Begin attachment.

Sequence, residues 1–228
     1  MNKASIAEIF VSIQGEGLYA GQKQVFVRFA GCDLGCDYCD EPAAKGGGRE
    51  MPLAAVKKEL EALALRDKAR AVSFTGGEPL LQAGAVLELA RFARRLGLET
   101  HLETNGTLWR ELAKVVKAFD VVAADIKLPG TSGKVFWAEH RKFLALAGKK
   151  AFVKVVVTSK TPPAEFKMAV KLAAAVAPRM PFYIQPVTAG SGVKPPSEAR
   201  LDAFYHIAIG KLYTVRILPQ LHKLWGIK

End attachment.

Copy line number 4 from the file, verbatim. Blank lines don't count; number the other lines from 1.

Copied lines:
   101  HLETNGTLWR ELAKVVKAFD VVAADIKLPG TSGKVFWAEH RKFLALAGKK